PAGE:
CLICK HERE FOR FULL TEXT
UNITED STATES OF AMERICA,
Plaintiff-Appellee,
v.
JOHN V. BALLARD,
Defendant-Appellant.
   No. 16-6254
Appeal from the United States District Court
for the Western District of Tennessee at Memphis.
No. 2:16-cr-20078-1—Sheryl H. Lipman, District Judge.
Decided and Filed: March 3, 2017
Before: DAUGHTREY, SUTTON, and DONALD, Circuit Judges.


_________________________
OPINION
_________________________

SUTTON, Circuit Judge. John Ballard lied about his income, hid money in family members’ bank accounts, and filed then dismissed several Chapter 13 bankruptcy petitions. Through these and other inartful dodges, he tried to avoid paying $848,798 in taxes arising from his income as a securities broker between 2000 and 2008. The Internal Revenue Service noticed. Even after the IRS started asking questions, Ballard told the agency that he did not have any income in 2009, when in truth he had made over $500,000 as a broker that year. The lies and deceptions led to a criminal charge, then a guilty plea, for violating 26 U.S.C. § 7212(a), which prohibits “corruptly . . . obstruct[ing] or imped[ing] . . . administration of [the tax laws].”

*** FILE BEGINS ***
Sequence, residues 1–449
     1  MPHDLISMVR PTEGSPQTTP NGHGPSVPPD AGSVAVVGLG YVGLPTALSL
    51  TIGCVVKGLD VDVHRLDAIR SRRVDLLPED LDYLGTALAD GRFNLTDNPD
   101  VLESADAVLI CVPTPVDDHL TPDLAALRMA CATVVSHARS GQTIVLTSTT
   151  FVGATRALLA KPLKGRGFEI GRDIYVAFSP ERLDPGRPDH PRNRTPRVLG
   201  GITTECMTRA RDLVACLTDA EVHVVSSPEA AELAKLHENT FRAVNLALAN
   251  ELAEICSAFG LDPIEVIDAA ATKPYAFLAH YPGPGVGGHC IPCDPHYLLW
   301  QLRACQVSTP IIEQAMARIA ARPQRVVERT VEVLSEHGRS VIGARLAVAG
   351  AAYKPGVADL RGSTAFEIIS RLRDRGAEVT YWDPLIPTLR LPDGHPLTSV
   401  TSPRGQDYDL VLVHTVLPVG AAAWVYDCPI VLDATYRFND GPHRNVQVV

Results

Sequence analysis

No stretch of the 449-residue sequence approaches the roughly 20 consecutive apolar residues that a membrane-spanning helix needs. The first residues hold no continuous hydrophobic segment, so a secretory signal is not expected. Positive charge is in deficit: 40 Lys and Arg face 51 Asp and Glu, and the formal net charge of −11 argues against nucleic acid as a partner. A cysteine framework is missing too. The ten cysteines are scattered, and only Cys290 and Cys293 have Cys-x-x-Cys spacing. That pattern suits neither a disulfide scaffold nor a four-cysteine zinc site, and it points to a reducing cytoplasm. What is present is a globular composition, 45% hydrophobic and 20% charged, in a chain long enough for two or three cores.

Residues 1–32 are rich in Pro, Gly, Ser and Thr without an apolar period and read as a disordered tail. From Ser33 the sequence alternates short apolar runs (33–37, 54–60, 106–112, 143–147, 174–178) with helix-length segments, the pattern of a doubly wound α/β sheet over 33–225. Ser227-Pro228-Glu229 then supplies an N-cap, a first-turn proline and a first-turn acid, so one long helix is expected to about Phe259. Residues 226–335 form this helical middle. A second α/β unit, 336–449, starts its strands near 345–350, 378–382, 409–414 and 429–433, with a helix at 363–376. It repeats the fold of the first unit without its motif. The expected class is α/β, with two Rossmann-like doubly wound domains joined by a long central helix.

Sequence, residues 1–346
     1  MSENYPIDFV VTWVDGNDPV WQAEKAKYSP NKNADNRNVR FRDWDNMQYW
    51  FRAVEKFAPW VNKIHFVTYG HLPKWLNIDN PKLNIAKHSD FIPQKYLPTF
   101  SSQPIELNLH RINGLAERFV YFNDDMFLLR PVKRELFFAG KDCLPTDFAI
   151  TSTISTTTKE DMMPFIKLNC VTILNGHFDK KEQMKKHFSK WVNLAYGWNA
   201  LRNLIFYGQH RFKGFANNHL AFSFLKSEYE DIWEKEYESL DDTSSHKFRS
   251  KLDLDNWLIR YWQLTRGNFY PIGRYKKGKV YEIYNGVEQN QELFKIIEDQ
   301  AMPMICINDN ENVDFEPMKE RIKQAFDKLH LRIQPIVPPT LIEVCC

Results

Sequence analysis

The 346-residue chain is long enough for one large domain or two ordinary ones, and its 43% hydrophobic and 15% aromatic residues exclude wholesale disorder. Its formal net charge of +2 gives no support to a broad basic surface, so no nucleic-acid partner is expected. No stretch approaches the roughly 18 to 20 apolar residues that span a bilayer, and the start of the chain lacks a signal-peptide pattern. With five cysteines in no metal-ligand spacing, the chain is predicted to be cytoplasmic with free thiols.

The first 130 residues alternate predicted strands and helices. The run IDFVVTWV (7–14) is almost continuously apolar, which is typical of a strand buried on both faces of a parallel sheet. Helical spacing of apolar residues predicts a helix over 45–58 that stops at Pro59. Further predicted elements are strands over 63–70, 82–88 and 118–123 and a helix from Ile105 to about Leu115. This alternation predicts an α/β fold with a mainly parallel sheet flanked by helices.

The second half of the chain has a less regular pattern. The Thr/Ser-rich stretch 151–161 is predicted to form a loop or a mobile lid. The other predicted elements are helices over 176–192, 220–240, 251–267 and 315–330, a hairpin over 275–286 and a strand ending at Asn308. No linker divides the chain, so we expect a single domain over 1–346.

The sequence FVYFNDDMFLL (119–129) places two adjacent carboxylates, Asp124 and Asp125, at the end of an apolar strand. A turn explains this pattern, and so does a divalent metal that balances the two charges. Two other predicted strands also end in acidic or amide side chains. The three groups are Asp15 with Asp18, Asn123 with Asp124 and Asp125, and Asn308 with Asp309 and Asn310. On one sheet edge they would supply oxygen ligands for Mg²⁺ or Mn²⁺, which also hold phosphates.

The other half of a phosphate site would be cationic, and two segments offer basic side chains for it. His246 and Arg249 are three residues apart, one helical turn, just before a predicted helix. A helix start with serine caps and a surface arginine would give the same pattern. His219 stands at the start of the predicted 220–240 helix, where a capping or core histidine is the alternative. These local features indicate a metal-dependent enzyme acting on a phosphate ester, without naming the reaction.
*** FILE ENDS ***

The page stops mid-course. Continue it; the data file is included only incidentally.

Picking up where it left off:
The Sentencing Guidelines say that district courts may sentence individuals for violations of that provision as a tax evasion offense or as an obstruction of justice offense, whichever is “most appropriate.” U.S.S.G. App. A, Introductory cmt. Ballard urged the court to use the obstruction of justice guideline. The district court disagreed. It rejected Ballard’s argument that he never intended to evade paying his taxes but was merely delaying the payments (merely obstructing justice in other words) until he made real money—apparently more than $500,000 a year. Use of the tax evasion guideline led to a higher offense level for Ballard and an increase in the sentencing range from 8–14 months to 24–30 months, and eventually led to a sentence of 18 months. We affirm.